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Hisense 32H3 LED TV Review

The 32H3 is the worst entry-level TV we've tested so far this year.

$1,049.99 at Amazon 32 in.
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Of the many reasons not to buy the Hisense 32H3 (MSRP $179.99), awful core performance stands out the most. To make matters worse, the H3 also suffers from a cheap design and offers almost no software options for customizing its picture. At this price, we might have forgiven these issues if this bargain TV even came close to performing at an acceptable level. It's great that a manufacturer is willing to sell an HDTV at this price, but given its flaws, it's just not worth it.

If you can afford to spend a little bit more, there are much better televisions on the market that trump the H3 in both performance and value. In fact, the excellent E-Series from Vizio offers a 24-inch model that's for sale at online retailers for a comparable price. As it stands, there's really no reason to purchase the Hisense H3, unless you're absolutely dead-set on finding the cheapest possible HDTV.

The Looks & Experience

The bare minimum

I give Hisense credit for thinking somewhat outside-the-box when designing the H3. Much like the H7, the H3 features a modern glass stand that compliments its small frame quite nicely. Unfortunately, the stand only looks nice. The assembly screws don't fit properly, so it wobbles around like it might snap off at any minute. This wasn't just a bad sample—we received two units, and both had this problem.

The assembly screws for the TV's stand don't fit properly, so it wobbles around like it might snap off at any minute.
Hisense-32H3-stand.jpg
Unfortunately, while the H3's modern glass stand is appreciated, the faulty assembly screws are not. These do not hold the TV in place whatsoever. View Larger

The H3 is partially traditional, if only because it hides its video connections on the back of the panel. You'll find three HDMI inputs, a VGA port, AV/Component inputs, a coaxial connector, a PC/DVI audio input, a single USB 2.0 port, and a headphone jack.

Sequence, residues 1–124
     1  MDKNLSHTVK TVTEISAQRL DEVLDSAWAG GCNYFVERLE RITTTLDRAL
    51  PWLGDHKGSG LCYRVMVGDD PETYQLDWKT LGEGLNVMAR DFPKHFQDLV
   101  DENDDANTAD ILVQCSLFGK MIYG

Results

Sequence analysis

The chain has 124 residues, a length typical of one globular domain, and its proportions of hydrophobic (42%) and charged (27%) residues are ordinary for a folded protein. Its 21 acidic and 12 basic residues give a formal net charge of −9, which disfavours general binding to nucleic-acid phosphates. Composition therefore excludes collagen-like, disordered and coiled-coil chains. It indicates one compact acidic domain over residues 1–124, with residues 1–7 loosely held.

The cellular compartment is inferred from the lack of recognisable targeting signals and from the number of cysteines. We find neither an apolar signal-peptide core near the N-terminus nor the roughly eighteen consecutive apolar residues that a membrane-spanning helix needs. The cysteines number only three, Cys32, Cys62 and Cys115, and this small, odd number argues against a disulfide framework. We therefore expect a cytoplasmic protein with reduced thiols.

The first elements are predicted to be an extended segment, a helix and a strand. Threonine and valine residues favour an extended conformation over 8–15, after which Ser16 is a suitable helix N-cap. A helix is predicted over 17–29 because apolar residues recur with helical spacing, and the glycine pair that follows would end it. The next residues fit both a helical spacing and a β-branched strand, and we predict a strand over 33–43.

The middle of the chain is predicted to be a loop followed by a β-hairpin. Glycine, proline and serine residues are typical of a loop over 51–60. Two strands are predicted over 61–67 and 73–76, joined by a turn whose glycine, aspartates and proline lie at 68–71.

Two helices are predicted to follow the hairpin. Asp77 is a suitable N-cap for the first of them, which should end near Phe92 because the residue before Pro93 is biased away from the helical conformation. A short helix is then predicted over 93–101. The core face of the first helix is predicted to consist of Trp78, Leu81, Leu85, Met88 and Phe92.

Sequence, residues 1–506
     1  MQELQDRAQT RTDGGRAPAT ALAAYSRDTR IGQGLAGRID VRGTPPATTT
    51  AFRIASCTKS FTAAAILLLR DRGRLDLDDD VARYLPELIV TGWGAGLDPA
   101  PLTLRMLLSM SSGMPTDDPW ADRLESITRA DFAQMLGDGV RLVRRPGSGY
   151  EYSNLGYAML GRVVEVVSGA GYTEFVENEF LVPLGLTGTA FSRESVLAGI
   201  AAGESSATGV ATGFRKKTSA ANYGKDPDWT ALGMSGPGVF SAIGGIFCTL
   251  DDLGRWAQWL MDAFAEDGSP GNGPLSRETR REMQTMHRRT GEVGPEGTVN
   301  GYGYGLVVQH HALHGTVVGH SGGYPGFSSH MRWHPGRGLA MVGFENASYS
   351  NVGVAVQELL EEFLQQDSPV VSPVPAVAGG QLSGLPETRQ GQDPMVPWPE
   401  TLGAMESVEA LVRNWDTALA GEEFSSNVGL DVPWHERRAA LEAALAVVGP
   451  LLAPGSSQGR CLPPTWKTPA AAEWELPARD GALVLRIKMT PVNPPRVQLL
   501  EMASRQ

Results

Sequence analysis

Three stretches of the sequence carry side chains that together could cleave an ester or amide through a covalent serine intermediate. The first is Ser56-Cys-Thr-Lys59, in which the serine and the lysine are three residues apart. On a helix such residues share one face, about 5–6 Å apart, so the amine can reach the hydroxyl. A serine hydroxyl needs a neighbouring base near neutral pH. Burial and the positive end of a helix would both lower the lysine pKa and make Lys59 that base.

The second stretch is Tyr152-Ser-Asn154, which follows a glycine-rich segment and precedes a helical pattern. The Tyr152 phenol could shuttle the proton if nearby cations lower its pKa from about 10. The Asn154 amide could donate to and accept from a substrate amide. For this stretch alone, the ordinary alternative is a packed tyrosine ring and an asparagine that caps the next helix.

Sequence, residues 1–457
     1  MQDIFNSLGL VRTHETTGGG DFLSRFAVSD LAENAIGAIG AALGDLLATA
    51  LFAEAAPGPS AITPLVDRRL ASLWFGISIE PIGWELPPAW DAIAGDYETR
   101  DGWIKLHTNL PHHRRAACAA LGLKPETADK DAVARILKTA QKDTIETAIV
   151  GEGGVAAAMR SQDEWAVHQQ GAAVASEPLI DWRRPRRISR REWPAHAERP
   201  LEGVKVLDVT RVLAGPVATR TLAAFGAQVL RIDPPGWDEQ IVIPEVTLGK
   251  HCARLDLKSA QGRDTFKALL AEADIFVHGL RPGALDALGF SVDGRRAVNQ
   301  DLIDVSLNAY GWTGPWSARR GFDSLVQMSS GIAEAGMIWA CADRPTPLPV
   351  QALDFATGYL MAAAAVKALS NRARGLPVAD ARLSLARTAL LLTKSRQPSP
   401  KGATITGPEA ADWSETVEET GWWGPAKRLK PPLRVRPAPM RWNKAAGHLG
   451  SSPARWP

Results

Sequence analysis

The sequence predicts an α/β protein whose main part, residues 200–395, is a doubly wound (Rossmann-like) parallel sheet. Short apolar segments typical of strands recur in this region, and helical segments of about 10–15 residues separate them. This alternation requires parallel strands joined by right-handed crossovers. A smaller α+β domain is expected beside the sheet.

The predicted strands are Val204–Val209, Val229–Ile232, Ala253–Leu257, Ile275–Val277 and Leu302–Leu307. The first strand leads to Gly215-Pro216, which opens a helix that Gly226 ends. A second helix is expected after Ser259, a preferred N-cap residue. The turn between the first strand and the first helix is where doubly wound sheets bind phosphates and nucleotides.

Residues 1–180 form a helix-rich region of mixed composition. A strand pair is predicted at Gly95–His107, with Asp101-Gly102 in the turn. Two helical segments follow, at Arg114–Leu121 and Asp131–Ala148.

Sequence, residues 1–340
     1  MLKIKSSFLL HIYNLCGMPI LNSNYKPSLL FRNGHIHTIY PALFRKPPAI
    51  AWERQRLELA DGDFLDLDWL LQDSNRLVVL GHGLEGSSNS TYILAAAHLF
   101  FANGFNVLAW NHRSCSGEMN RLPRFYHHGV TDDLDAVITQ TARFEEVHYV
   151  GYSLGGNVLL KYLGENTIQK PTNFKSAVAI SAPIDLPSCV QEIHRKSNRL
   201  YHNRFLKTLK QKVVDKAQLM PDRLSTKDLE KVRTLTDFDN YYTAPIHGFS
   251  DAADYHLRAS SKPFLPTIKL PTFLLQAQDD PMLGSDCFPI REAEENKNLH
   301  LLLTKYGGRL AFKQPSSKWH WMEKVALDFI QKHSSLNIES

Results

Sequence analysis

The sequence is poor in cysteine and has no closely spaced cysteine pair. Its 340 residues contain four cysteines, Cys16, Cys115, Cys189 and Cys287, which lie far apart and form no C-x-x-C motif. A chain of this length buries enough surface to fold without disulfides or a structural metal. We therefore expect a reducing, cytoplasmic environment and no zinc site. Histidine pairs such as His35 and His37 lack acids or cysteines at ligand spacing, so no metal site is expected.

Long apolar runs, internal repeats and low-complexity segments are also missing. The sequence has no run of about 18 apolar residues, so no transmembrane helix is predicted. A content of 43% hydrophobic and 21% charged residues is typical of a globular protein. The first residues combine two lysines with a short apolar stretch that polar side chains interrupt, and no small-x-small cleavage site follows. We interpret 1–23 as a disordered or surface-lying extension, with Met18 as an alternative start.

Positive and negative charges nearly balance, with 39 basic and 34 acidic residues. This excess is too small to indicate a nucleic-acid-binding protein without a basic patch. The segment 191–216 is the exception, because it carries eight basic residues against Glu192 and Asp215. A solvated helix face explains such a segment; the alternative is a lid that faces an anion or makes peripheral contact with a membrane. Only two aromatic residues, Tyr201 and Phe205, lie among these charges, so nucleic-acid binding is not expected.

Naturally, at this price, you won't find any flashy extras. The H3 includes a very basic remote control and batteries. Likewise, the TV's menu software is bare-bones and a headache to navigate.

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The Picture

It came, it saw, it failed all of our tests.

Generally speaking, people don't expect entry-level TVs to dazzle them with picture quality. Every now and then, however, we discover one that performs above its price and pedigree. The Hisense 32H3 is not one of those TVs.

Blue-tinted skin tones take center stage, but choppy, broken movement plays a critical supporting role in this disappointing farce.

Right off the bat, The Dark Knight on Blu-ray did not look normal. Blue-tinted skin tones take center stage, but choppy, broken movement plays a critical supporting role in this disappointing farce. The H3 certainly doesn't suffer the worst black levels I've seen recently, but its shockingly poor color performance is another story. Greens and reds stray quite far from ideals, meaning content simply doesn't look as filmmakers intended. For more on the H3's technical struggles, check out the Science page.

With its sub-Full HD resolution (720p,) poor color, and terrible motion performance, I can't recommend the H3 for movies, sports, games, or even basic cable. From a performance standpoint, there's just nothing positive worth noting about the Hisense H3.

Comparable Products

Before you buy the Hisense 32H3, take a look at these other televisions.

The Verdict

You get what you pay for.

Typically, even low-end televisions have a place within the consumer hierarchy. Know this: The Hisense 32H3 (MSRP $179.99) is the lowest of the low-end.

The only rational reason for purchasing this TV is to buy the absolute cheapest option available.

The only rational reason for purchasing this TV is to buy the absolute cheapest option available with no consideration for performance. You can't really do any worse than this from a performance standpoint, and in terms of value, the H3 doesn't offer anything that makes its price an actual steal. What you see is what you get–and what you get here just isn't great.

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